What a Waste!
Wood biomass doesn’t just come from forestry operations.
April 1, 2011 By Heather Hager
Wood biomass doesn’t just come from forestry operations. There’s huge potential for local or regional biomass opportunities in cities and municipalities from recovering wood that’s tossed away during construction, demolition, and home renovations. So far, however, we’ve taken very little advantage of this abundant resource.
Some might think there’s little use for this recovered wood fibre, but that’s not the case. This is evident from my recent visit to two wood recovery operations, one of which I cover in this issue on page 12, as well as Canadian Biomass’ previous coverage of a Quebec facility (Demolition Power, Nov/Dec 2009). All three facilities serve different biomass markets with slightly different products.
One facility receives two wood streams: clean wood, and wood that is mixed with materials such as plastics, steel, aluminium, and drywall. The clean wood goes to markets that require a strictly 100% wood product, for example, natural landscape mulch, animal bedding, composting, or oilfield/brownfield remediation. The mixed material is sorted, and the wood goes to electricity generation for the provincial grid. Another facility has a single clean wood stream that supplies a large market in coloured landscape mulch and feeds an on-site biomass boiler. Yet another facility has a mixed wood stream that is sorted to supply a pulp and paper plant’s electricity production. Soon, this type of material will also be used to produce cellulosic ethanol and other chemicals, with a facility for that purpose currently under construction in Edmonton.
In Europe, a number of utilities have been using recovered, mixed wood streams for electricity production for some time. Some are even importing this kind of biomass from nearby countries to meet their fuel demands.
Just how much of this material is going to waste in Canada? According to a Statistics Canada waste management industry survey report, more than 17.3 million tonnes of non-residential waste was sent for disposal in 2008. That includes waste from manufacturing, commercial operations,and institutional facilities, as well as construction, renovation, and demolition materials. “Surveys have indicated that as much as one-third (of municipal solid waste) is generated by construction, renovation, and demolition activities,” says Public Works and Government Services Canada’s The Environmentally Responsible Construction and Renovation Handbook. By my rough calculation, that means there’s about 5.7 million tonnes of construction, demolition, and renovation material that could be sorted and reused, remanufactured, or recycled!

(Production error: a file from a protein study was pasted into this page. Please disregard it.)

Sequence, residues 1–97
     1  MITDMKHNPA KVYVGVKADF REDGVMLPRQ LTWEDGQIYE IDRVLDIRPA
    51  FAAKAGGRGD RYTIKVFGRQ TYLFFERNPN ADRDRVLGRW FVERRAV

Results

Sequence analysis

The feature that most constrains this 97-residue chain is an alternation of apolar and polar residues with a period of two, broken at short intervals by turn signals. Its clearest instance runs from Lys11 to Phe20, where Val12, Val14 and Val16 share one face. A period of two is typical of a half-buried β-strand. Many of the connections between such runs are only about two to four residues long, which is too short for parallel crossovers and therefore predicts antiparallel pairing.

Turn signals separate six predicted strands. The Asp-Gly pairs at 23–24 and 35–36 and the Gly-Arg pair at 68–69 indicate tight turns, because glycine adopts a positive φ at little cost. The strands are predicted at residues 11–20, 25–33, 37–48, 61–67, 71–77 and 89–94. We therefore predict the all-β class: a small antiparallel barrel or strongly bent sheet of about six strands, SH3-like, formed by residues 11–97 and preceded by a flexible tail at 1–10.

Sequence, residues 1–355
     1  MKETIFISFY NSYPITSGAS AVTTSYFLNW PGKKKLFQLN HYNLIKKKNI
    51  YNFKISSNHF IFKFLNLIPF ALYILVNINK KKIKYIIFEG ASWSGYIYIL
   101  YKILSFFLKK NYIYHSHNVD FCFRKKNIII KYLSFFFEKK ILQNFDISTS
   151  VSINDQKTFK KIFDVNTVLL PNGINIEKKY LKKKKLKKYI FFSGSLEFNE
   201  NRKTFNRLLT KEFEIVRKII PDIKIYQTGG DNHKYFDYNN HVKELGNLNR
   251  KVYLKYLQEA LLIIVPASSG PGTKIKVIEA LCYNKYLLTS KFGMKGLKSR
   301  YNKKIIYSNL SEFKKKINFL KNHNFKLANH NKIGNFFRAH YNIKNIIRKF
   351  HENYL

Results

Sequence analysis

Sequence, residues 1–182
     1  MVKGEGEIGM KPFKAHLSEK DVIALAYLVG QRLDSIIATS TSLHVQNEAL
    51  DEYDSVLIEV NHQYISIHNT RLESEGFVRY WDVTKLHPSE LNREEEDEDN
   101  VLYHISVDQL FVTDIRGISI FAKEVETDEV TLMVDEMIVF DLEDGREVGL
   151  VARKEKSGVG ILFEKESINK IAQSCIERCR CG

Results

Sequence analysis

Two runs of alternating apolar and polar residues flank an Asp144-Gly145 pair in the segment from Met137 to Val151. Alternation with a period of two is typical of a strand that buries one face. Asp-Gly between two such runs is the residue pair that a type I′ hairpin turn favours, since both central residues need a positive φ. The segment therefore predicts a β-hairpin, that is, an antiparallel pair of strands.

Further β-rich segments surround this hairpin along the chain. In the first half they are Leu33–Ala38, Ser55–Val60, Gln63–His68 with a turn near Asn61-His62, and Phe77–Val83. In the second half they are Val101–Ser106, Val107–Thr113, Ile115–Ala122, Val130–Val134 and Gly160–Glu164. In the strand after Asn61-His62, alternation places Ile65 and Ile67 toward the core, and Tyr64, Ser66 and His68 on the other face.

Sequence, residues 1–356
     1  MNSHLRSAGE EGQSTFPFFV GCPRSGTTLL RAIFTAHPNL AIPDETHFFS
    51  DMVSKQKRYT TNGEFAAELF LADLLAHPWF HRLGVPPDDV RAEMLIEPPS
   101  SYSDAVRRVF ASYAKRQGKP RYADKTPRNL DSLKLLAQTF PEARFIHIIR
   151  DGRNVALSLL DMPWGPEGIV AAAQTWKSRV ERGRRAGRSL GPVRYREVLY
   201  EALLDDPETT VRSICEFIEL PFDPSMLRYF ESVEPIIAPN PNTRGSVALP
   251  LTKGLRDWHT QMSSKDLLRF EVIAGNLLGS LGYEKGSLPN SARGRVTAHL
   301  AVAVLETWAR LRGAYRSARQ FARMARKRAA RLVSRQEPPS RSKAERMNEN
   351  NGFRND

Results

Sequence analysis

Statistics Canada says that a mere 720,076 tonnes of construction, demolition, and renovation material was diverted from landfill in 2008, with Quebec, Ontario, and British Columbia diverting close to 200,000 tonnes each. So by my calculation, only 12.5% of this material is processed, leaving a whopping 87.5% (5 million tonnes!) going straight to landfill. Exactly how much of this tonnage is wood isn’t clear. But it’s enough to represent a huge opportunity for a large number of new enterprises, not only to get into the biomass business, but to extend the life of our rapidly filling landfills.
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